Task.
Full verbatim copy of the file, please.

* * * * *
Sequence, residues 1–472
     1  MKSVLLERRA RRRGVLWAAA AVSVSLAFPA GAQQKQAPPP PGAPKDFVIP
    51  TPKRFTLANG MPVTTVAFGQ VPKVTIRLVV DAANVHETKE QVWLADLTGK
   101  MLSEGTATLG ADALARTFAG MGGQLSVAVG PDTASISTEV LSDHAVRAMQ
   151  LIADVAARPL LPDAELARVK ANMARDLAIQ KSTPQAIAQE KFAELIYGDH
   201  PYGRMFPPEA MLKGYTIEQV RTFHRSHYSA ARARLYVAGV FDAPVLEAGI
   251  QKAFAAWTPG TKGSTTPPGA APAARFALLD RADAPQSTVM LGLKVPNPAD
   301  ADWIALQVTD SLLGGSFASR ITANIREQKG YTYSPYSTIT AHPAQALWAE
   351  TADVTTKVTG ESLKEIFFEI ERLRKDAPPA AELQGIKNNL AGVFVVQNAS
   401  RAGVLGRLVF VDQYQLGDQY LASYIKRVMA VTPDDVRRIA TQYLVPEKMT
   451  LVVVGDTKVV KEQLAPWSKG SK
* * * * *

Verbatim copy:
Sequence, residues 1–472
     1  MKSVLLERRA RRRGVLWAAA AVSVSLAFPA GAQQKQAPPP PGAPKDFVIP
    51  TPKRFTLANG MPVTTVAFGQ VPKVTIRLVV DAANVHETKE QVWLADLTGK
   101  MLSEGTATLG ADALARTFAG MGGQLSVAVG PDTASISTEV LSDHAVRAMQ
   151  LIADVAARPL LPDAELARVK ANMARDLAIQ KSTPQAIAQE KFAELIYGDH
   201  PYGRMFPPEA MLKGYTIEQV RTFHRSHYSA ARARLYVAGV FDAPVLEAGI
   251  QKAFAAWTPG TKGSTTPPGA APAARFALLD RADAPQSTVM LGLKVPNPAD
   301  ADWIALQVTD SLLGGSFASR ITANIREQKG YTYSPYSTIT AHPAQALWAE
   351  TADVTTKVTG ESLKEIFFEI ERLRKDAPPA AELQGIKNNL AGVFVVQNAS
   401  RAGVLGRLVF VDQYQLGDQY LASYIKRVMA VTPDDVRRIA TQYLVPEKMT
   451  LVVVGDTKVV KEQLAPWSKG SK